A Message of Hope (written by Claire)

BLOG TAKE OVER

I am so glad that I have opened up my blog for you to contribute. Writing has helped me massively with my mental health and this gives others the opportunity to write and share their journey from a different perspective. I am truly inspired and encouraged by what I have read. I have no doubt you will too.

**Please remember local and national support services are available if help is required** 

Thank you Claire for your openness in ‘take over 2’

Two weeks ago two significant things happened which had a huge effect on my state of mind. The first was my GP decided I had reached the point where she couldn’t manage my Bipolar relapse by herself anymore and she referred me back to mental health services. The other was that I lost a good friend to suicide. Neither were directly connected yet they were both so intricately woven together as I tried to grieve my friend I was also battling my own suicidal thoughts.

I am no stranger to mental health services. I was first referred to them when I was nine. I had witnessed things most adults would shy away from, it wasn’t any surprise that my traumatised mind needed support. I started to show the signs of Bipolar at about fourteen, although everybody was convinced I was still emotionally traumatised so missed the warning signs, I wasn’t formally diagnosed until I was 25. Thirteen years later and I’m in the best place I’ve ever been, well except for this pesky relapse I’m having.

Losing a friend to suicide is one of the worst things you will ever experience. The feeling of helplessness, guilt, and devastation and beautiful life lost are consuming. But then there is the realisation of how many times it could have been you, and your friends and family feeling those things. I have tried to take my life over a dozen times. The last time I almost succeeded, my heart was struggling to cope with the pressure being put on it, my liver and kidneys were both toxic. My Husband had to sit by my bedside while A&E staff fought to keep me alive. There’s a guilt that will never go away.

And here I am back in an episode where I am experiencing psychosis in full technicolour, I currently have four voices, each one telling me different things, each of those things is gruesome and violent. It’s like being in a torture chamber where you are being conditioned by being shouted at continuously, and there is a part of you that thinks “if I just do that maybe it will stop” it doesn’t, I know that, so I have to keep my wits about me and ignore them.

I’m struggling to stay motivated, my daily gym visits are turning into every other day or every three days. I have to really kick myself up the backside to get out the front door. Physical activity really does me a lot of good. I swear by it and I don’t want to slip from the routine because the only person that suffers is me. I work out hard, I push my body physically to its limit every time I go to the gym, but it helps in ways I can’t even begin to understand.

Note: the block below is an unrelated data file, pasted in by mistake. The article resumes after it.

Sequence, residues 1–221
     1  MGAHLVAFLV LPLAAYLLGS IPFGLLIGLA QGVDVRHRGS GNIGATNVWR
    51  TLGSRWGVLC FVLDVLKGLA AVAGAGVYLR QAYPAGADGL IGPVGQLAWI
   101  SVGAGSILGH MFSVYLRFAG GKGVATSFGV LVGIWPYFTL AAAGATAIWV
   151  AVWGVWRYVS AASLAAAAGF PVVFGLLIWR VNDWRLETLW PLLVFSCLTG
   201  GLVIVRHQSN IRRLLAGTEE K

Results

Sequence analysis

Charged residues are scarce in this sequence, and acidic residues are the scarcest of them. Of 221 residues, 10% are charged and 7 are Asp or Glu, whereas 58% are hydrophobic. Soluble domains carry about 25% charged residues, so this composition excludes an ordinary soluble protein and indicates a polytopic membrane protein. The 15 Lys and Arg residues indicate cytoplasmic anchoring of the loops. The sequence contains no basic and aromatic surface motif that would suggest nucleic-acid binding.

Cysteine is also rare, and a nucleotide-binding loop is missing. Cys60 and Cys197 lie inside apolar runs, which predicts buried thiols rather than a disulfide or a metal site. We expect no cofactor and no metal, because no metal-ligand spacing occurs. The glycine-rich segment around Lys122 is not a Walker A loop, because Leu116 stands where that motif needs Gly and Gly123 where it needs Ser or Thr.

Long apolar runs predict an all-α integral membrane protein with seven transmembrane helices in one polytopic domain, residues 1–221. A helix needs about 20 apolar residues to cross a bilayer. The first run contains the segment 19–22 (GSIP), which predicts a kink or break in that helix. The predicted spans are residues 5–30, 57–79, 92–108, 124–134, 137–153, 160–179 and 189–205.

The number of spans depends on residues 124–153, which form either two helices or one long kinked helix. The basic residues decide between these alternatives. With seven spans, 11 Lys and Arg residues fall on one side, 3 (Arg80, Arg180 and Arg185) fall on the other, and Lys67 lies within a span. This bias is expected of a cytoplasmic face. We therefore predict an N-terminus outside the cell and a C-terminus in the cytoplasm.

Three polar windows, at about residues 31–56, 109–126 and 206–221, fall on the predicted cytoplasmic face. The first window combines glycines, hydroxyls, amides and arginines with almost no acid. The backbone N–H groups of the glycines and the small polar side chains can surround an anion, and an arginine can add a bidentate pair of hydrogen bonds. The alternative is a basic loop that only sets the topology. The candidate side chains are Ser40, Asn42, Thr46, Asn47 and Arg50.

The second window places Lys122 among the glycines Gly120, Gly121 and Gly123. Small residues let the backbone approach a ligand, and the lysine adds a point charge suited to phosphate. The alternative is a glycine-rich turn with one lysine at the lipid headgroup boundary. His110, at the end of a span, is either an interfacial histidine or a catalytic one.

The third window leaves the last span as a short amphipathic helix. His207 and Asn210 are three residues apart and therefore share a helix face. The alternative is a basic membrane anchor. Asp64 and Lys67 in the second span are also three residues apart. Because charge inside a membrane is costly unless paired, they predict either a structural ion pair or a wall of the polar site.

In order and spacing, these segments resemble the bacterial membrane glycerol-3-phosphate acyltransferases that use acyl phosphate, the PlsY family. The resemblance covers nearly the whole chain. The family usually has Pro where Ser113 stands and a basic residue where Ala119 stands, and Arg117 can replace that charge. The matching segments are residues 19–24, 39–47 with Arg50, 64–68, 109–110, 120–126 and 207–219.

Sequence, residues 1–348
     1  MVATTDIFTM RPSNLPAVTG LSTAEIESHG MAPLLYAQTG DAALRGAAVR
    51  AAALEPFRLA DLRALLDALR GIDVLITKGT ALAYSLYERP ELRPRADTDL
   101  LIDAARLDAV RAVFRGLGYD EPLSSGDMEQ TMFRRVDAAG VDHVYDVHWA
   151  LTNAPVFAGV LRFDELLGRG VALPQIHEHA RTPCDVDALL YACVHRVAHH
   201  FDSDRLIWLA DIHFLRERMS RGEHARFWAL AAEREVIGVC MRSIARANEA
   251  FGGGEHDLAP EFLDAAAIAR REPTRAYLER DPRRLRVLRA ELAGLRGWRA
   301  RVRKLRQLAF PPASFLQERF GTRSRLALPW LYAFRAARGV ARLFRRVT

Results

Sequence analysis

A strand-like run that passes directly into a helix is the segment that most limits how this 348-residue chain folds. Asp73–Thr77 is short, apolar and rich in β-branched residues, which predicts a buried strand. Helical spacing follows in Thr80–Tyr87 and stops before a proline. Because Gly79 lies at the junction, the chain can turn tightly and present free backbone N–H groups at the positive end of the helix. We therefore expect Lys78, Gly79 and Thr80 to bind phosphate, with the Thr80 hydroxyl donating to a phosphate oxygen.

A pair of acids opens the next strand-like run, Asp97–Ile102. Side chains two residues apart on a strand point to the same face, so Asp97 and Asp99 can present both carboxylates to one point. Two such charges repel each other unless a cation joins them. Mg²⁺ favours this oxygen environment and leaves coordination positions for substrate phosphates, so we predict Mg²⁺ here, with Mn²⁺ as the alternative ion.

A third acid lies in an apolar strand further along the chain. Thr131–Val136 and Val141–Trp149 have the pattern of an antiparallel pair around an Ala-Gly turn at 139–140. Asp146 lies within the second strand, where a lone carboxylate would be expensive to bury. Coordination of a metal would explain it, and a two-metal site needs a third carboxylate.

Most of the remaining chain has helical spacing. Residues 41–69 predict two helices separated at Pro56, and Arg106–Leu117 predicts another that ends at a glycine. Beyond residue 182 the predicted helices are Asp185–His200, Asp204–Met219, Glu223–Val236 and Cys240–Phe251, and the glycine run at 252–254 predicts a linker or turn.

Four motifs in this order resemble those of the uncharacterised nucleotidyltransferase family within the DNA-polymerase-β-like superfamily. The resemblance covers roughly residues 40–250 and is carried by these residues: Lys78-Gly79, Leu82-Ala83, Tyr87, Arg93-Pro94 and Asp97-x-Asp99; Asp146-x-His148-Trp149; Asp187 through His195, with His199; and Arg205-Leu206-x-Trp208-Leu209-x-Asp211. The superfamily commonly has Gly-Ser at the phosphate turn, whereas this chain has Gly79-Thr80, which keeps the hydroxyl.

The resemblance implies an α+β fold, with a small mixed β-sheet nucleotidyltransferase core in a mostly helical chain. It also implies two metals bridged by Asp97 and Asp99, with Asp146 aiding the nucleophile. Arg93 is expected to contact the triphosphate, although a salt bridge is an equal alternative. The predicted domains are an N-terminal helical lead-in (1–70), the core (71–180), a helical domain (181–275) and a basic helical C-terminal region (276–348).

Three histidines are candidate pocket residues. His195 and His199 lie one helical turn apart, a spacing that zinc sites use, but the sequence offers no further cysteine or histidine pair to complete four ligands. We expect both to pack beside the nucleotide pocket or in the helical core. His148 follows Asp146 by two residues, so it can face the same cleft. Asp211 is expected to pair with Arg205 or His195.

My diet suffers, Like with the physical activity, I always eat a really healthy diet, but a big sign things are not good with me is my diet slips and I start eating things which are unhealthy and full of fats and sugars. Two things I normally avoid as much as possible. I am prone to putting weight on fast and it’s incredibly unhealthy for the mind and body to eat junk food.

I meditate every day, it started with me learning mindfulness, and then I switched to learning about different types of meditation and I got into the habit of meditating each day. When I am where I am mentally at the moment it’s a wonderful thing to do if things start getting too much so that I can start pulling my thoughts back to a centre and remembering that things aren’t as bad as I imagined.

It’s easy when you have a relapse to feel like it’s the end of the world, I certainly had a few days of feeling that way. But for many of us, we live with a lifelong mental illness. It is inevitable that we will have relapses from time to time, but that isn’t what our life is about, and it certainly doesn’t have to dictate our lives. My life is about so much more than my bipolar and while I have to take a short break to get well again, my entire life is still there for me. My job at a mental health charity is still there, my writing and blog are still there, as are my friends, my family, my circuits crew, the gym, travelling and everything else in my life that I want to embrace. Always hold onto hope even when things feel hopeless.

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6 Comments

  1. Claire, thank you for taking up Georgie’s offer. I find it very helpful for managing my own head to hear about how other people find ways to deal with their own thoughts. It’s also incredibly valuable to have the insight into different sorts of mental illness. Thank you to both of you wonderful ladies.

    Like

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